Vivaldi: Bassoon Concertos Vol 5 / Benkócs, Drahos
VIVALDI Bassoon Concertos: in a, RV 497; in C, RV 473; in F, RV 491; in C, RV 466; in C, RV 469; in g, RV 496 • Tamás Benkócs (bn); Béla Drahos, cond; Nicolaus Esterházy Snf • NAXOS 8.570798 (65:04)
For anyone wishing recordings of all 37 completed bassoon concertos by the Red Priest, there is currently only one choice: Daniel Smith on five ASV CDs (552). While this is hardly a bad deal—Smith and his two conductors and orchestras present the works with great energy and dazzling virtuosity—there have always been nagging irritations. Smith is an amazing performer, but every concerto seems like an Olympic event; faster is better—faster and louder better still. If, in the process, he produced a hollow tone—made coarse when overblown, barking low notes here and there, occasional dicey intonation, intermittent fudged figurations where the tempo was set faster than the fingers could fly, it was all in the name of the race. He and the orchestra always got to the end, together, and by golly it was exciting. And yet—and yet—!As much as it seems like ungrateful nit-picking and as much as one is thrilled just to have all of these inventive works so well played, or played at all, in the end one feels that there should be something more than mere pyrotechnics, however breathtaking they might be.
Enter the extraordinary Hungarian bassoonist Tamás Benkócs, principal of the superb Budapest Festival Orchestra. Here at last is the poetry, not the race. Here is elegance and wit and wistfulness and moments of repose to go along with the amazing technical virtuosity. Benkócs doesn’t have us on the edge of our seats, wondering if he is going to make it through a passage; rather he tackles the sometimes-staggering technical challenges with deceptive ease. The tempos are generally a bit slower than are Smith’s, but with that slight relaxation one starts hearing the extraordinary music instead of just the amazing rush of notes. The middle slow movements benefit the most—Benkócs plays them as if he were singing an aria—but the variety that he finds in the fast movements, not to mention the warm solid tone, impeccable intonation, seamlessly blended tenor and bass registers, and precise articulation of even the most demanding passages, is well worth a little loss in raw excitement. I like his playing as well as that of Klaus Thunemann on Philips, and that is high praise indeed. Béla Drahos and his excellent modern-instrument band provide sympathetic accompaniment: buoyant, transparent, restrained in use of vibrato, harpsichord dominated, but with attractive depth. I would have liked them a bit farther forward on the sound stage, but that is a minor quibble. Collectors who have a wider interest in this repertoire will want to sample some of the colorful period-instrument performances on Naïve 30379 and 30409, but there is still a great deal of vitality in these traditional modern-instrument performances, as well.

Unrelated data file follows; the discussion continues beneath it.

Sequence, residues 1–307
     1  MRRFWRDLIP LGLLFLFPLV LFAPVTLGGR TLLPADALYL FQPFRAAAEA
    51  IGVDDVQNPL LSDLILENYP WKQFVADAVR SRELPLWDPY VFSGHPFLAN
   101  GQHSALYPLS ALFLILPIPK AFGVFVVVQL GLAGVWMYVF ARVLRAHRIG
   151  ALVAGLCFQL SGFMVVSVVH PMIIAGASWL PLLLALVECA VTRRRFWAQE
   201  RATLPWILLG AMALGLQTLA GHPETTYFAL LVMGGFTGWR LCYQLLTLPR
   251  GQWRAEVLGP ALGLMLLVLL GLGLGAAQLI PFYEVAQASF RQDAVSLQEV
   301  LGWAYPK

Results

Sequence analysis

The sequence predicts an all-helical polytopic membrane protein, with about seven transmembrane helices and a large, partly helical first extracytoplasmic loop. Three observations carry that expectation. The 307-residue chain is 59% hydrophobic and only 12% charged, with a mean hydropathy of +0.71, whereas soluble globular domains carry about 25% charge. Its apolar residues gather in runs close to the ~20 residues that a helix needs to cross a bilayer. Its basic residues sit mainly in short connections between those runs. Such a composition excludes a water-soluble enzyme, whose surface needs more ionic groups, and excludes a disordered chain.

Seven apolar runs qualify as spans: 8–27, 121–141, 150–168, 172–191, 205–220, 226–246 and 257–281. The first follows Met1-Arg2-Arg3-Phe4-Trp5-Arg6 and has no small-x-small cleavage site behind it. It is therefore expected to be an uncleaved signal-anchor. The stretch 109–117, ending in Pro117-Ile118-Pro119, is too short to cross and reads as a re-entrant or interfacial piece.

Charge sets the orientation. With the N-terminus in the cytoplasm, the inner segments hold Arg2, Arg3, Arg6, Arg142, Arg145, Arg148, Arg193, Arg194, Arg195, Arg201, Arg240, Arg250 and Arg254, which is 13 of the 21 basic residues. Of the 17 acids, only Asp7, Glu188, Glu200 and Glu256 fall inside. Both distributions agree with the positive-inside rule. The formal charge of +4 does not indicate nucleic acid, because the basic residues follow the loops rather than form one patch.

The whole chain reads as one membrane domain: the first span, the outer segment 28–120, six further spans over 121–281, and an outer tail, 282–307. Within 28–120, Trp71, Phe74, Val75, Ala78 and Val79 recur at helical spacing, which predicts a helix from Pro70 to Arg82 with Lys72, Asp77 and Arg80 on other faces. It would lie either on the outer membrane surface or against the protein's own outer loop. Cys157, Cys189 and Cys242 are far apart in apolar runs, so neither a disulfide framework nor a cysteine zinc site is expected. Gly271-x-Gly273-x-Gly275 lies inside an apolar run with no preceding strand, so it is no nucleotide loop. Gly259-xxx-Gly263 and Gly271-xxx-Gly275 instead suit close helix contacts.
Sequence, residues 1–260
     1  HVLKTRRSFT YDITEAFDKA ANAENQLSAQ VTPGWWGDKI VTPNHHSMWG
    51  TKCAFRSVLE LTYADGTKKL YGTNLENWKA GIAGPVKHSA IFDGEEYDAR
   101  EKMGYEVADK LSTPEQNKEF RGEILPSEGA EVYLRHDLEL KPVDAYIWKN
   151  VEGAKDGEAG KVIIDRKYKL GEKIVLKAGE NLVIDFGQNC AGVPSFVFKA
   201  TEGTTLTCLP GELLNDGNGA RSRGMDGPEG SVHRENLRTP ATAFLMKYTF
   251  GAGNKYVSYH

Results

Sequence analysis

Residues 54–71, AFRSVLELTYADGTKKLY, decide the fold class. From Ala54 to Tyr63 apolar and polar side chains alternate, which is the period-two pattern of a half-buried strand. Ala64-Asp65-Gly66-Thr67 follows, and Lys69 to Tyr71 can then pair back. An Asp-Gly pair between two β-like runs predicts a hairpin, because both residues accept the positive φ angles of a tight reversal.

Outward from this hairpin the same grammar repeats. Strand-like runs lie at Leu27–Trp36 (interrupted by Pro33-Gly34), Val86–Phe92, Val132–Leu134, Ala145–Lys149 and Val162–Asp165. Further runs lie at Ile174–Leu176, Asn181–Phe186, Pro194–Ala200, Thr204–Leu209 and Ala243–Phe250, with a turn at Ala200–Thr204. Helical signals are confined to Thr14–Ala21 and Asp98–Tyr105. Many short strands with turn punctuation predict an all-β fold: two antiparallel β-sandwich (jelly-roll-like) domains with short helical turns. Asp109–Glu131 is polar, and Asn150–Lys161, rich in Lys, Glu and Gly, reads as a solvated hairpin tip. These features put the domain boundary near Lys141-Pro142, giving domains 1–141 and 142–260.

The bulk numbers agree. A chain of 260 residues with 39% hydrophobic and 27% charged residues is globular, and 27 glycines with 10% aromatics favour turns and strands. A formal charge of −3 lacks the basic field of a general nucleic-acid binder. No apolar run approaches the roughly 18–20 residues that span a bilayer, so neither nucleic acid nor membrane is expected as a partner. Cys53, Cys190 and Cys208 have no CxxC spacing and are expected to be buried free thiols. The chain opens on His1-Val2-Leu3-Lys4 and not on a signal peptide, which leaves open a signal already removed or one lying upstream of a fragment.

With this volume, Mr. Benkócs has finished five CDs and 31 concertos. Assumedly, he will complete the series in one more volume. Two other Fanfare critics have weighed in on the series; David L. Kirk warmly welcomed Volume 2 (8.555938) in 28:6; but in 30:2, Laura Rónai found Volume 3 (8.557556) too polite by half, and non-descript to boot. I certainly side with Mr. Kirk, but obviously opinions vary. The nice thing about Naxos recordings is that one can experiment for a relatively small investment. That’s what I recommend. Then you can buy the other four, as I did.
FANFARE: Ronald E. Grames
Catalog Number: 8570798
Composer: Antonio Vivaldi
Conductor: Béla Drahos
Orchestra/Ensemble: Nicolaus Esterházy Sinfonia
Performer: Tamas Benkocs